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Friday, 17 February 2012

I want to be a Geologist, don"t you?

Geologists study the Earth and the Earth's history. It is a fascinating profession that can combine chemistry, physics and biology to put together the story of how the Earth came to be the way it is . They also study the composition of the Earth and its physical characteristics.

Some of the responsibilities of qualified Geologists

  • Communicate geological findings by writing research papers, participating in conferences, and/or teaching geological science at universities.
  • Measure characteristics of the Earth, such as gravity and magnetic fields, using equipment such as seismographs, gravimeters, torsion balances, and magnetometers.
  • Develops multidimensional cross-sections and isopach and contour maps to interpret subsurface conditions for a variety of site evaluations.
  • Advise construction firms and government agencies on dam and road construction, foundation design, and land use and resource management.
  • Test industrial diamonds and abrasives, soil, or rocks in order to determine their geological characteristics, using optical, x-ray, heat, acid, and precision instruments.
  • Identify deposits of construction materials, and assess the materials' characteristics and suitability for use as concrete aggregates, road fill, or in other applications.
  • Analyze and interpret geological, geochemical, and geophysical information from sources such as survey data, well logs, boreholes, and aerial photos.
  • Plan and conduct geological, geochemical, and geophysical field studies and surveys; sample collection; and drilling and testing programs used to collect data for research and/or application.
  • Investigate the composition, structure, and history of the Earth's crust through the collection, examination, measurement, and classification of soils, minerals, rocks, and fossil remains.
  • Locate and estimate probable natural gas, oil, and mineral ore deposits and underground water resources, using aerial photographs, charts, and research and survey results.
  • Assess ground and surface water movement in order to provide advice regarding issues such as waste management, route and site selection, and the restoration of contaminated sites.
  • Conduct geological and geophysical studies to provide information for use in regional development, site selection, and the development of public works projects.

Where can i work?

    Most work in private industries, like in the field of petroleum, where they study data gathered from holes bored deep inside the earth and sonic data to try and determine the  where petroleum deposits might be found.

    They can also be in fields gathering data and finally analyzing that data for their final recommendations on a given matter

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    How to make it as a Structural Engineer

    Structural engineers design structures to withstand such pressures as weather and human use. They ensure buildings and other structures don’t bend, twist, collapse or vibrate.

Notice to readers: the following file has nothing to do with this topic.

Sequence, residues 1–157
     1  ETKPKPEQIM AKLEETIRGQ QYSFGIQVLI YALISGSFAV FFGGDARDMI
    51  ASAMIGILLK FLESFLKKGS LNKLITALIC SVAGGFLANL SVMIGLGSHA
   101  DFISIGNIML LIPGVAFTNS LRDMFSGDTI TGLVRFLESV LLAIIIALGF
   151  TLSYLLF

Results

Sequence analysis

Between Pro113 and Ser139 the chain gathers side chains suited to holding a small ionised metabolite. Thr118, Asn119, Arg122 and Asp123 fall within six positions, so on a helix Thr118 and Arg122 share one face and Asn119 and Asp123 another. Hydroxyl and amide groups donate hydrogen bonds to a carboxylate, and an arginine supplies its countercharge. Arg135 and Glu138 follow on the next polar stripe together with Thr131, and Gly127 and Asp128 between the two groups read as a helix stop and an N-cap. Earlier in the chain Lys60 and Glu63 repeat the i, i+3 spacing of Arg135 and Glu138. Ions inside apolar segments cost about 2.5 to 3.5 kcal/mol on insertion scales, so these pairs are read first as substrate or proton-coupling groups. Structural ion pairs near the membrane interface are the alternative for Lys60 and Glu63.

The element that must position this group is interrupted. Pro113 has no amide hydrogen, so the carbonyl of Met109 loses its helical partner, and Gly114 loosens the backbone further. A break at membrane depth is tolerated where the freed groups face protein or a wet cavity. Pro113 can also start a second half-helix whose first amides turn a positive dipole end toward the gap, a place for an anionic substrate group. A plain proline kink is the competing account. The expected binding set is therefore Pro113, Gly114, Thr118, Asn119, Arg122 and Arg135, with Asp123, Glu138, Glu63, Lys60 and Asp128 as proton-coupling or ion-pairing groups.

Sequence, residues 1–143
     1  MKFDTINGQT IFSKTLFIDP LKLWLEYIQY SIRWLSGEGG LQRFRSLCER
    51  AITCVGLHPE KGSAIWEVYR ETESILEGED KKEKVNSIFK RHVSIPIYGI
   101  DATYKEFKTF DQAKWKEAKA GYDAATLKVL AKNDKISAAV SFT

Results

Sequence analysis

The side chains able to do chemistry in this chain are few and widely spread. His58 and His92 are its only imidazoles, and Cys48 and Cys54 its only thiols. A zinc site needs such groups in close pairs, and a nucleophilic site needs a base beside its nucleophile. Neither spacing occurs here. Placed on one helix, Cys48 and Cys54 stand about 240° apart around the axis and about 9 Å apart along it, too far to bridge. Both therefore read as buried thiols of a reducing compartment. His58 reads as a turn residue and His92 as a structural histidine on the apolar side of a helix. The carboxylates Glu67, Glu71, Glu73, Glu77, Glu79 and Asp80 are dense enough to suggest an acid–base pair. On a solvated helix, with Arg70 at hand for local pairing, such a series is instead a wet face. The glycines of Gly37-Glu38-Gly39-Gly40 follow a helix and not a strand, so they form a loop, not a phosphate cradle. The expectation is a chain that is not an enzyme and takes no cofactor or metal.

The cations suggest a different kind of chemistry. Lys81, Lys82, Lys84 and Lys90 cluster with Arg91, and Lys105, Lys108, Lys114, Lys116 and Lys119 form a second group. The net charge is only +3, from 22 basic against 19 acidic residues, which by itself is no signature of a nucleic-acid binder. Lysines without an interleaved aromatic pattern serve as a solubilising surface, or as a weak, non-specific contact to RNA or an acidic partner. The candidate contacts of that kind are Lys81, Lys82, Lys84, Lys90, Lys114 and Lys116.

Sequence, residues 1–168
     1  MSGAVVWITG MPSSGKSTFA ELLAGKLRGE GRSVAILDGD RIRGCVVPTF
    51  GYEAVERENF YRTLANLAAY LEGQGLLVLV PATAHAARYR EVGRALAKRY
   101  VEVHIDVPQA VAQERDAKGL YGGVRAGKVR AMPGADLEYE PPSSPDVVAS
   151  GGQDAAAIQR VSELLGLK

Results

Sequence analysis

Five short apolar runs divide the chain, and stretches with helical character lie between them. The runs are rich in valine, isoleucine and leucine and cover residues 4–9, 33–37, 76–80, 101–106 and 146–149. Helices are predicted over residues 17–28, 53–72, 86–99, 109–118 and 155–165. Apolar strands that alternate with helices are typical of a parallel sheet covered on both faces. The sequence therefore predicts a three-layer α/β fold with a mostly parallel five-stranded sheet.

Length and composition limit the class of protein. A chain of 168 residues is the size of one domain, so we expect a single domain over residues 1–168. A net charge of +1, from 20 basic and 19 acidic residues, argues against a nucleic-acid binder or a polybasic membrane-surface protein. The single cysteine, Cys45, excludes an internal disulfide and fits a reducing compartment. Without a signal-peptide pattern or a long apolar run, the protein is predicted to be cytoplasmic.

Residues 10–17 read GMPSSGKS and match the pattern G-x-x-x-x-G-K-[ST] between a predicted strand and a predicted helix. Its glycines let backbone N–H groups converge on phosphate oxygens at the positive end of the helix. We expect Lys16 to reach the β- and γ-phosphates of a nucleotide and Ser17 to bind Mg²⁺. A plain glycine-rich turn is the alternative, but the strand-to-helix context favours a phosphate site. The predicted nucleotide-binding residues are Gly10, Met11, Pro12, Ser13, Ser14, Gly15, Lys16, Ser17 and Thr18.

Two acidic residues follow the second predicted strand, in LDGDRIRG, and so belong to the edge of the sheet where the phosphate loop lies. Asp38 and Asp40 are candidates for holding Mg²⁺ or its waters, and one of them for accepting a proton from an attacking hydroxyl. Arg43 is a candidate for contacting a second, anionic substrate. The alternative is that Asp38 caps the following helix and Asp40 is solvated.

Structural engineers design most structures including houses, theatres, sports venues, hospitals, office blocks, bridges, oil rigs, space satellites, ships and aircraft. They work in close partnership with architects.Structural engineers have to choose appropriate materials such as bricks, concrete, wood and metal to meet design specifications. When construction has begun, they are often involved in inspecting the work and advising contractors.They also examine buildings and other structures to test if they are structurally sound.

    Typical work activities they are involved in include the following

    Structural engineers ensure structures are sound enough to withstand pressures while also making efficient use of funds and materials in order to achieve these structural goals.
    Typical activities include:
    • analysing configurations of the basic structural components of a building or other structure;
    • calculating the pressures, stresses and strains that each component, such as a beam or lintel, will experience from other parts of the structure due to human use or environmental pressures such as weather or earthquakes;
    • considering the strength of various materials, e.g. timber, concrete, steel and brick, to see how their inclusion may necessitate a change of structural design;
    • liaising with other designers, including architects, to agree on safe designs and their fit with the aesthetic concept of the construction;
    • examining structures at risk of collapse and advising how to improve their structural integrity, such as recommending removal or repair of defective parts or rebuilding the entire structure;
    • making drawings, specifications and computer models of structures for building contractors;
    • investigating ground conditions and analysing results of site tests, such as soil samples;
    • liaising with construction contractors to ensure that newly erected buildings are structurally sound;
    • applying expert knowledge of the forces that act on various structures;
    • using computers and computer-aided design (CAD) technology for simulation purposes.